Featured Member Profile: Heather Pixley

Welcome to another installment of our featured member interviews where we will continue to introduce you to our members, individuals who work to advance ethical research on a daily basis. Please read on to learn more about their professional experiences, how membership helps connect them to a larger community, and what goes on behind-the-scenes in their lives!

Today we’d like to introduce you to Heather Pixley, program leader and scientific writer at the Center for Aging Research at the Dartmouth Institute in Lebanon, New Hampshire.

When and why did you join the field?
I joined in 2003 when I was promoted to laboratory coordinator for a research group at Dartmouth. Much of my position involved writing and updating institutional review board (IRB) materials, and I soon became an IRB member and the administrative manager for our group. IRB duties are the most fulfilling part of my position.

What is your favorite part of your job?
My favorite part is helping others learn about human subjects and ethical issues. I also enjoy serving as a consultant for research groups that are less experienced.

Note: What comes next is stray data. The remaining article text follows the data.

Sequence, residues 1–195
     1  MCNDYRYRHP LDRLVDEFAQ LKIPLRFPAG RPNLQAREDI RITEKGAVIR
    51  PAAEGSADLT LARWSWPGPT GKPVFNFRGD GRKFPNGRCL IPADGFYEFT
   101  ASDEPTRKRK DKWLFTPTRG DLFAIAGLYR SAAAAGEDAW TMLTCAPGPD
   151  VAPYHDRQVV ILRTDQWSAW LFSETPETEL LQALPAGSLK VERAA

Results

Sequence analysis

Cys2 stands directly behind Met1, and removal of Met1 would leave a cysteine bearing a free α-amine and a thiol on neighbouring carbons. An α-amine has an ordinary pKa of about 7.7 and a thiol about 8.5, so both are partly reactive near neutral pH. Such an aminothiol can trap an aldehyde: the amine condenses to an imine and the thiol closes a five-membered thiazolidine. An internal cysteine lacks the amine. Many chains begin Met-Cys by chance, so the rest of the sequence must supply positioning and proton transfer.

What’s playing on your iPod?
I might be the last person who doesn’t have an iPod or other MP3 player.

What is the last movie you saw?
I recently saw Paranormal Activity 2.

What are you reading?
I’m currently reading Middlesex by Jeffrey Eugenides.

Why did you join PRIM&R?
My institution’s IRB provided funding for my initial membership and attendance at a meeting. It was a very worthwhile experience.

What is your favorite member benefit?
I really enjoy the Newsletters and complimentary access to webinars.

If you were planning our next conference, who would you select as a keynote speaker?
I would choose Stephen Bartels, MD, MS, as a keynote speaker. The aging population is growing, and therefore so are treatment and research programs. I would consider him to be an expert on ethics, research, and older adults with serious mental illness. He is an excellent speaker.

What motivates you to maintain your commitment to advancing ethical research?
I have been a research subject in the past, recruited subjects to research studies at my institution, and served as an IRB committee member to review the research of others. At each point, I have gained a different perspective and also seen that not everyone is well versed in the best policies and procedures. It is important to continue offering guidance to researchers as techniques change and advance.

Thank you for being part of the membership community and sharing your story, Heather. If you’d like to learn more about becoming a member, please visit our website today.